Why even a record-breaking hurricane can't hit Category 6
'Once you say catastrophic and there's near complete damage, why do you need a 6?'
Record-breaking and "potentially catastrophic" Hurricane Irma is smashing its way into the islands of the northeast Caribbean with sustained winds raging at up to 295 km/h.
The U.S. National Hurricane Center says it's the strongest hurricane on record in the Atlantic Basin (outside the Caribbean Sea and the Gulf of Mexico) and "will bring life-threatening wind, storm surge and rainfall hazards" to the northeastern Caribbean starting today.
<a href="https://twitter.com/hashtag/Irma?src=hash">#Irma</a> is the strongest <a href="https://twitter.com/hashtag/hurricane?src=hash">#hurricane</a> in the Atlantic basin outside of the Caribbean Sea & Gulf of Mexico in NHC records <a href="https://t.co/tW4KeGdBFb">https://t.co/tW4KeGdBFb</a> <a href="https://t.co/P8ebbQJR4k">pic.twitter.com/P8ebbQJR4k</a>—@NHC_Atlantic
Irma is currently listed as a Category 5 hurricane, but some articles circulating on the internet claim it could become the first to reach Category 6.
But those articles are fake.
How do we know? Because the Saffir-Simpson hurricane wind scale, which categorizes hurricanes' destructiveness based on their wind speeds, ranges from 1 to 5.
Category 3 hurricanes and above are considered major, and the worst storms are Category 5, encompassing all hurricanes with sustained winds of 252 km/h or more.
When a Category 5 storm hits, you can expect "catastrophic damage," according to a National Hurricane Center backgrounder. "Most of the area will be uninhabitable for weeks or months," it says, as the winds will destroy many homes, collapsing roofs, walls, trees and power lines, causing power outages that last for weeks or months.
But why is there no Category 6?
"Because once you say catastrophic and there's near complete damage, why do you need a 6?" says Dennis Feltgen, a spokesperson for the National Hurricane Center.
Of course, it's not wind speed alone that makes hurricanes destructive. Hurricane Harvey was just a Category 4 when it hit the coast of Texas on Aug. 25, but killed at least 60 people and left 560,000 families seeking housing assistance. Massive flooding from storm surges and more than a metre of rain caused much of the destruction.
"We basically have a scale for storm surge … how many feet above ground level there would be inundation." says Feltgen.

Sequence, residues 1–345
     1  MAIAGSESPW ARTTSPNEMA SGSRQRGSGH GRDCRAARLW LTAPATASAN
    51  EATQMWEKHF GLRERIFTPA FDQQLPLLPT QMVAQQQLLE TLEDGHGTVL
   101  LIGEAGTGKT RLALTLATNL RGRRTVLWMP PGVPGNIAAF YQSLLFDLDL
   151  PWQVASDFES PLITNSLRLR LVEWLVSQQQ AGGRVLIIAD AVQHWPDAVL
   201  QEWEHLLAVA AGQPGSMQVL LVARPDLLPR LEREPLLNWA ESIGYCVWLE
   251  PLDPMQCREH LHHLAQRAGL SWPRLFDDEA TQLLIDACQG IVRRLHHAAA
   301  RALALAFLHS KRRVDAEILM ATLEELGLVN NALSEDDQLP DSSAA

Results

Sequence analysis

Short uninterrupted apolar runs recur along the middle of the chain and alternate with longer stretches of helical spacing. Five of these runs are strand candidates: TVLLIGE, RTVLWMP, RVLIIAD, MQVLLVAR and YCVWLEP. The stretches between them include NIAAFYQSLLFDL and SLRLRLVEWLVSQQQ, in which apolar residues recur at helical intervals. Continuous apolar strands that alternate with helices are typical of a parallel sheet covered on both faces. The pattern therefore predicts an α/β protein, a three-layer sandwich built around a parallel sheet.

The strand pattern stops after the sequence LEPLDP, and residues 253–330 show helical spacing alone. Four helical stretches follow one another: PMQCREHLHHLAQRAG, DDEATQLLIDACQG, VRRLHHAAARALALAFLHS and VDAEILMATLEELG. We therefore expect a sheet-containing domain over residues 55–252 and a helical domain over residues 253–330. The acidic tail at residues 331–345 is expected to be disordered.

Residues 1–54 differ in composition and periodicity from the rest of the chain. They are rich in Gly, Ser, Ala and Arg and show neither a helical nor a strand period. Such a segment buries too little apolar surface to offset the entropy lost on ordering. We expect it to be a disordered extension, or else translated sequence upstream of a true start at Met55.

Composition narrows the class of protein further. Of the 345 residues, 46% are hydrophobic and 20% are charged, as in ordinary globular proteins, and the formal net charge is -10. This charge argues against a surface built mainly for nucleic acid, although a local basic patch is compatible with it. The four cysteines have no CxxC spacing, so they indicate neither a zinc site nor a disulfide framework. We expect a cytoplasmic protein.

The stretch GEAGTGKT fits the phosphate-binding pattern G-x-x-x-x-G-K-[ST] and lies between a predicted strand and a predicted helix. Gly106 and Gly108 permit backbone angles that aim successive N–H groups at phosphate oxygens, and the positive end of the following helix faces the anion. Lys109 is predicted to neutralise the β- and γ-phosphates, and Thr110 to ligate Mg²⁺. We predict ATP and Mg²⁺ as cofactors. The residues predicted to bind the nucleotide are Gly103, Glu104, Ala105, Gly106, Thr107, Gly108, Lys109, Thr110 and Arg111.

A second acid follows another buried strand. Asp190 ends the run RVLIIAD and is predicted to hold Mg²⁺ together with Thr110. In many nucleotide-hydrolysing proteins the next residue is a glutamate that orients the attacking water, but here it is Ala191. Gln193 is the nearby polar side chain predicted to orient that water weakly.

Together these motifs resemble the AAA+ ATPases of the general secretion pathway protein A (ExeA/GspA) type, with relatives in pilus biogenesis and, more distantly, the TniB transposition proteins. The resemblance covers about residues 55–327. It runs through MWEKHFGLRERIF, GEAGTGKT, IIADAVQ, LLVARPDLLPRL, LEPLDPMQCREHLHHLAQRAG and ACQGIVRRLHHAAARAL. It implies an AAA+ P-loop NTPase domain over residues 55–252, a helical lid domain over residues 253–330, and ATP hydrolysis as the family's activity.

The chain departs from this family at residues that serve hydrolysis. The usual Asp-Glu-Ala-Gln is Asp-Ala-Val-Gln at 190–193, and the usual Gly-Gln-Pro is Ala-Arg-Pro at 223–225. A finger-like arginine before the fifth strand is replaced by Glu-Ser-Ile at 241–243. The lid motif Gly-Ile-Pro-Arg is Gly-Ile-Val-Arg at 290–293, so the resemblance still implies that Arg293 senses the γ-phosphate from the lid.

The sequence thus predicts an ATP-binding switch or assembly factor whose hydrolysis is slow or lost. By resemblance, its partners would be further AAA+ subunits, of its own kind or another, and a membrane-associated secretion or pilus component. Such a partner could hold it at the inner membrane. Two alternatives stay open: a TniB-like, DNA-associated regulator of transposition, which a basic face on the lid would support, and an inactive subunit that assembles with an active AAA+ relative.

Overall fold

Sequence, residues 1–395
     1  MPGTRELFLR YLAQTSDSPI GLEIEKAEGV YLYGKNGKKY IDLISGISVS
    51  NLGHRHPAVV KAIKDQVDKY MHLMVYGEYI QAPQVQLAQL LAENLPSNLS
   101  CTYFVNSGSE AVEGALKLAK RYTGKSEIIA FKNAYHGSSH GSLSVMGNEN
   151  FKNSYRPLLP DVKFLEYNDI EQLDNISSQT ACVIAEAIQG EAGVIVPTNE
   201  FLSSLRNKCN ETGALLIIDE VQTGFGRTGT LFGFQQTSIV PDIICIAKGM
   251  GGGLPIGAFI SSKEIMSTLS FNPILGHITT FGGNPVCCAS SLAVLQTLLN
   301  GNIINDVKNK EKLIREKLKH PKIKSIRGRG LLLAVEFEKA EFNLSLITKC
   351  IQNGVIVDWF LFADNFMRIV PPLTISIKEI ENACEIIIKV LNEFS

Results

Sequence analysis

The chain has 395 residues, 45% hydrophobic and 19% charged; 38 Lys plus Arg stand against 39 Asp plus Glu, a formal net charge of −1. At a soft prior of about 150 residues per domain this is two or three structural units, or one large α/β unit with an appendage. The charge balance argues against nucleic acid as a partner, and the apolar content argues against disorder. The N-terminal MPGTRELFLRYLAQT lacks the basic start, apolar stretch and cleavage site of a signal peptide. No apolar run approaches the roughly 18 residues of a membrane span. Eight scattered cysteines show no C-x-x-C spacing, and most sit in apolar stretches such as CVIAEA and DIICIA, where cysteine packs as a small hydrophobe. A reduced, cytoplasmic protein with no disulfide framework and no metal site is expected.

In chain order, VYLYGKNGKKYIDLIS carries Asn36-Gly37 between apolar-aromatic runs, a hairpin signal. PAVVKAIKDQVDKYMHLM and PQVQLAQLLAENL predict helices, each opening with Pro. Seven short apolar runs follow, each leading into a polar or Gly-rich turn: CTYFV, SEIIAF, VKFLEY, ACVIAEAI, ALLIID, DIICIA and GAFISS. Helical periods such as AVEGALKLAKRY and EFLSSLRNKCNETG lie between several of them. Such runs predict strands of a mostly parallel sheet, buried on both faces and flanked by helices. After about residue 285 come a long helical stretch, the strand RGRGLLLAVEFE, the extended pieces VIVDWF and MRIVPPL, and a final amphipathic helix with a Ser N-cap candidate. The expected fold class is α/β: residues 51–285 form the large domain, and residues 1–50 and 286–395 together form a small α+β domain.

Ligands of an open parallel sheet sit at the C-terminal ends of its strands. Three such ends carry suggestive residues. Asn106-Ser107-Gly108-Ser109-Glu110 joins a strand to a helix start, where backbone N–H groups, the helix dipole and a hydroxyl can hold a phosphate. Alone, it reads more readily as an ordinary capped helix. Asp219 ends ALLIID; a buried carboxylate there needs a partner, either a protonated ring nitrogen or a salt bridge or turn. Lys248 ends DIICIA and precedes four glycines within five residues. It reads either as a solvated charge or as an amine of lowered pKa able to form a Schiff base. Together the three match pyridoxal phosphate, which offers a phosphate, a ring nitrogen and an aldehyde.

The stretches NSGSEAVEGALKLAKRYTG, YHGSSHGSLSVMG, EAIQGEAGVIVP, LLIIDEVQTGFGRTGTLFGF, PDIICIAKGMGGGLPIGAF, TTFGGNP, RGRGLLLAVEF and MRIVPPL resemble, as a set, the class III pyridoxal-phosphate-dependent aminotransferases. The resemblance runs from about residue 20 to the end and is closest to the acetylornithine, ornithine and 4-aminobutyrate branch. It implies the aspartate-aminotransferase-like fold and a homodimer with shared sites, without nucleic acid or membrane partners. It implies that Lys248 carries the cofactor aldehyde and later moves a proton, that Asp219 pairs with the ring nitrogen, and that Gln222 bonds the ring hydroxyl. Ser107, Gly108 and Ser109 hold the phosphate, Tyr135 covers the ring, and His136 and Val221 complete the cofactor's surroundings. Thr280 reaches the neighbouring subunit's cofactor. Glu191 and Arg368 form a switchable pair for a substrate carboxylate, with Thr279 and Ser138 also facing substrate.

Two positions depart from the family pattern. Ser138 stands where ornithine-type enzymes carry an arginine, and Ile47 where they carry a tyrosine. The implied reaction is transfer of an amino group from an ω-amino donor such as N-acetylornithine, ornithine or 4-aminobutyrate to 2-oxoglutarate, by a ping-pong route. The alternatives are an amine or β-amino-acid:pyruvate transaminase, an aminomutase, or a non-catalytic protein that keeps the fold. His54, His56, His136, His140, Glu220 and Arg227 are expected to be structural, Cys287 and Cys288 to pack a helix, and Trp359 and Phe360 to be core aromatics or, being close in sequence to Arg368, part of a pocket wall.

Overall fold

But the different factors that make storms destructive are too variable to measure on a scale of wind speed, he said.
Here's a list of the different hurricane categories and what they mean, according to the National Hurricane Center:
- Category 1 (119-153 km/h): Very dangerous winds will produce some damage: Well-constructed frame homes could have damage to roof, shingles, vinyl siding and gutters. Large branches of trees will snap and shallowly rooted trees may be toppled. Extensive damage to power lines and poles likely will result in power outages that could last a few to several days.
- Category 2 (154-177 km/h): Extremely dangerous winds will cause extensive damage: Well-constructed frame homes could sustain major roof and siding damage. Many shallowly rooted trees will be snapped or uprooted and block numerous roads. Near-total power loss is expected with outages that could last from several days to weeks.
- Category 3 (178-208 km/h): Devastating damage will occur: Well-built frame homes may incur major damage or loss of roof decking and gable ends. Many trees will be snapped or uprooted, blocking numerous roads. Electricity and water will be unavailable for several days to weeks after the storm passes.
- Category 4 (209-251 km/h): Catastrophic damage will occur: Well-built frame homes can sustain severe damage with loss of most of the roof structure and/or some exterior walls. Most trees will be snapped or uprooted and power poles downed. Fallen trees and power poles will isolate residential areas. Power outages will last weeks to possibly months. Most of the area will be uninhabitable for weeks or months.
- Category 5 (252 km/h or higher): Catastrophic damage will occur: A high percentage of frame homes will be destroyed, with total roof failure and wall collapse. Fallen trees and power poles will isolate residential areas. Power outages will last for weeks to possibly months. Most of the area will be uninhabitable for weeks or months.